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How to connect to domain machine on a non domain PC

Posted on 2008-06-24
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Last Modified: 2012-06-21
Was wondering if there is a way to connect to a domain machine with a machine that is not connected to the domain without logging on with administrative access.   I need the file share on the domain computer to be accessible to non-domain users.  The Server on the domain is Windows 2003 SP1 without the firewall, and the non-domain machine is XP SP2, w/ Zone Alarm.  As of now, when I try to map the drive to "\\servername\foldershare", it prompts for a username/password.  We would like it to just go the folder w/o admin credentials.

Any help would be appreciated.

Thanks!!!

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Question by:SGCAdmin
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by:sk_raja_raja
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you can do that....if you want to provide full access to that folder for all the users connecting to it, go to security tab on the folder and add everyone group and assign permissions to them....else if you want to add specific set of users add them on the folder security tab
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by:rowansmith
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Sure, just connect to it using the credentials of a user who has access to the resource:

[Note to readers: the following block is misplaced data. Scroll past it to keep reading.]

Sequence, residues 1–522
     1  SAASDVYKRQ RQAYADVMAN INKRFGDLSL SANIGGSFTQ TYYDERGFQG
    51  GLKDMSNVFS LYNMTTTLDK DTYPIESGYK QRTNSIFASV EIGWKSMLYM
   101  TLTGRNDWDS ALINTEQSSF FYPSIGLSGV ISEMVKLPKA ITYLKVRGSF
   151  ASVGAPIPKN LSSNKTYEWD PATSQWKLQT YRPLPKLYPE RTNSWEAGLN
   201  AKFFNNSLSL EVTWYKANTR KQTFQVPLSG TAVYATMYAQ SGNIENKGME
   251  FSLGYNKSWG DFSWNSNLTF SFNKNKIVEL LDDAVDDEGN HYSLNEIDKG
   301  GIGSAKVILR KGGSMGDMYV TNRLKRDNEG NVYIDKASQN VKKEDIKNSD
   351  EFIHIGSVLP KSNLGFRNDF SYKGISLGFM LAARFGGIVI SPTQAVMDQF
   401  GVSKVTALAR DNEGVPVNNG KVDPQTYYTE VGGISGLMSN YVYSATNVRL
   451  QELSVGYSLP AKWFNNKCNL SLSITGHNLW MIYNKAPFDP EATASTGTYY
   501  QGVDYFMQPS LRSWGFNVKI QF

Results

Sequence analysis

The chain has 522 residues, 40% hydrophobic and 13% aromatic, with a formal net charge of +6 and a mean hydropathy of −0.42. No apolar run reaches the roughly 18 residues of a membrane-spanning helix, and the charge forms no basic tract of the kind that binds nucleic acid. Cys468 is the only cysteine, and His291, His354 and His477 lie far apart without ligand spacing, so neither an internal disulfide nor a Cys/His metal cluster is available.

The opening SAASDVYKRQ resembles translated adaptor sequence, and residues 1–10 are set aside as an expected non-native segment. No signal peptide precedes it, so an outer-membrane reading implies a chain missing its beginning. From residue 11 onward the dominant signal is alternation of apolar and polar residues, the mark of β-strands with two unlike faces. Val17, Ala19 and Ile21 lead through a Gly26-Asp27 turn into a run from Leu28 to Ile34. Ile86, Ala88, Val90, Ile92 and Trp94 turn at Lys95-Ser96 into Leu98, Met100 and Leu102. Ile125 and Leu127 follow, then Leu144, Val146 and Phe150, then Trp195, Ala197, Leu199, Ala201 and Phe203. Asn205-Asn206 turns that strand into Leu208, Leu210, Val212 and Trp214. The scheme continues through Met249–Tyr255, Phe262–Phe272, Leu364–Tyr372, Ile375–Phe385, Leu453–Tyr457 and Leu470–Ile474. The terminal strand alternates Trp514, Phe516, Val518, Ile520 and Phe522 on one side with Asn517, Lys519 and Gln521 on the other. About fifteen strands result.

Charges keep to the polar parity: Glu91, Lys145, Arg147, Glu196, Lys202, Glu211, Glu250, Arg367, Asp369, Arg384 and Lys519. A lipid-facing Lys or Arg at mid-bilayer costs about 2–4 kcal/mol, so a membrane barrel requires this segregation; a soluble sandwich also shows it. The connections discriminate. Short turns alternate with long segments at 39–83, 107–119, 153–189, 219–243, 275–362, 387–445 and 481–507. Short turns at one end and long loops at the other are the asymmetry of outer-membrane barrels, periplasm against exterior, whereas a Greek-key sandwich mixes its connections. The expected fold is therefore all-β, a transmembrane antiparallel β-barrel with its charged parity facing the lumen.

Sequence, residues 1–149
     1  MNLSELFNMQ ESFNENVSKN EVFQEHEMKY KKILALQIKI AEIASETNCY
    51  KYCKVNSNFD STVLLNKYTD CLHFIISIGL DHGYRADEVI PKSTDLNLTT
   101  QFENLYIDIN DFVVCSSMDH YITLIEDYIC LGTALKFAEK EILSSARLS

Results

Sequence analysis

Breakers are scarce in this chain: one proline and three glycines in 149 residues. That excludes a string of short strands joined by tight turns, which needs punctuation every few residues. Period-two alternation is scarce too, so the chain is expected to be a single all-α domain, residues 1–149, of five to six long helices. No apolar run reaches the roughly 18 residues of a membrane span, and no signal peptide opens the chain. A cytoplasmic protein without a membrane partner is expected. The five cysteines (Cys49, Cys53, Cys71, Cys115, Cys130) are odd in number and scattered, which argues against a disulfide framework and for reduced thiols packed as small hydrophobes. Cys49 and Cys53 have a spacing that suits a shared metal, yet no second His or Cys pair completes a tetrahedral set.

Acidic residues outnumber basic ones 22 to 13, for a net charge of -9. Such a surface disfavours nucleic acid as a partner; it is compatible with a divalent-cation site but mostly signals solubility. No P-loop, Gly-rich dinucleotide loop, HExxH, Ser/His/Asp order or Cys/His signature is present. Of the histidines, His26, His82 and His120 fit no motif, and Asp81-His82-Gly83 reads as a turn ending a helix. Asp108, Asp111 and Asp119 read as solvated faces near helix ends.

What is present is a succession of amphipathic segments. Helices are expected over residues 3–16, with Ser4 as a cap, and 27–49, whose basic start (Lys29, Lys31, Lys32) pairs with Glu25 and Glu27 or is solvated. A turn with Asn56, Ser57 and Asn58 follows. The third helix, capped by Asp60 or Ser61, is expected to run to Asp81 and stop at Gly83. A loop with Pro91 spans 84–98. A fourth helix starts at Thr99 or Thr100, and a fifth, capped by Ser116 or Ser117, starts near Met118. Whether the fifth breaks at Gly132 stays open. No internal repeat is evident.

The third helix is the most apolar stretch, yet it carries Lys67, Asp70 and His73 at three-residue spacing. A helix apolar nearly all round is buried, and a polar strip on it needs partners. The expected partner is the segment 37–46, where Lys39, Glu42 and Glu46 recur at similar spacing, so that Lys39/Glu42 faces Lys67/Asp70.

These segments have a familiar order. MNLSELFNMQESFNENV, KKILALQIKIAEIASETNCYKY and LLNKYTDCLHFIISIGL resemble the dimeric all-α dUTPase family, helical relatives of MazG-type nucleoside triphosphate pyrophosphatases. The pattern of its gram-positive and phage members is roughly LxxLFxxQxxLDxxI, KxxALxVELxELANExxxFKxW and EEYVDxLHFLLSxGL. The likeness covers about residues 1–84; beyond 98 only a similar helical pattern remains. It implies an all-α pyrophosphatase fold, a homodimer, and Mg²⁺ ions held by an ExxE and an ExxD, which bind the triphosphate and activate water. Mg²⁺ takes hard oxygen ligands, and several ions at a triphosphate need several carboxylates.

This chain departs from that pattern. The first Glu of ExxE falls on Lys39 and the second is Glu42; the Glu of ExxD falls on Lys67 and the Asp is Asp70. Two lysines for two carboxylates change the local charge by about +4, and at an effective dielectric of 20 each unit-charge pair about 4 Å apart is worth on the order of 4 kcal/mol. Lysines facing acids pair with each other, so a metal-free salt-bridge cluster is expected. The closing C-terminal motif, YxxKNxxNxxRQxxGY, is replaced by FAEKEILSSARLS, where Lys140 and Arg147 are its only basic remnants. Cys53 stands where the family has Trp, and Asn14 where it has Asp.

e.g., for \\pluto\share the domain users administrator, rowan, and joe have access and the domain is camel

When I connect from a non domain member I use the username camel\rowan and the appropriate password.

Now there is a catch, if I also have a local user on my machine called rowan (and I am logged in as that user) then the passwords have to be the same or else I run into credential mismatch problems.

To get around this, I always create local users with -local on the end of them.  Domain users just use the username.

-Rowan
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by:SGCAdmin
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Thanks for the quick replies.  However, what we need is for this to not prompt for any user authentication.  We have this in a batch file and it will stop because is is using authetication.  As of now, Im attempting to try to put the username and password in the batch file on the line where it connects to the shared folder however it is not working
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rowansmith earned 250 total points
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In the batch file, put the username as [domain name]\[domain username]

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by:SGCAdmin
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Thanks Rowansmth :-)  I forgot the domain name in the username.

One more thing before I close this, is there anyway that we can hide the password in the batch file so that if someone opens it, they will not see it, or better yet, make it so they can run the batch file and not be able to view it.

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by:rowansmith
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No, not really.

You can apply permissions to the batch file so that only those authorised to run it can see it, but to run a batch file one needs to be able to read it.

If one can read the batch file then one can access the password, even if you were to encrypt the batch file someone would still need to ber able to unencrypt it to run the batch file... so really NTFS permissions are the same....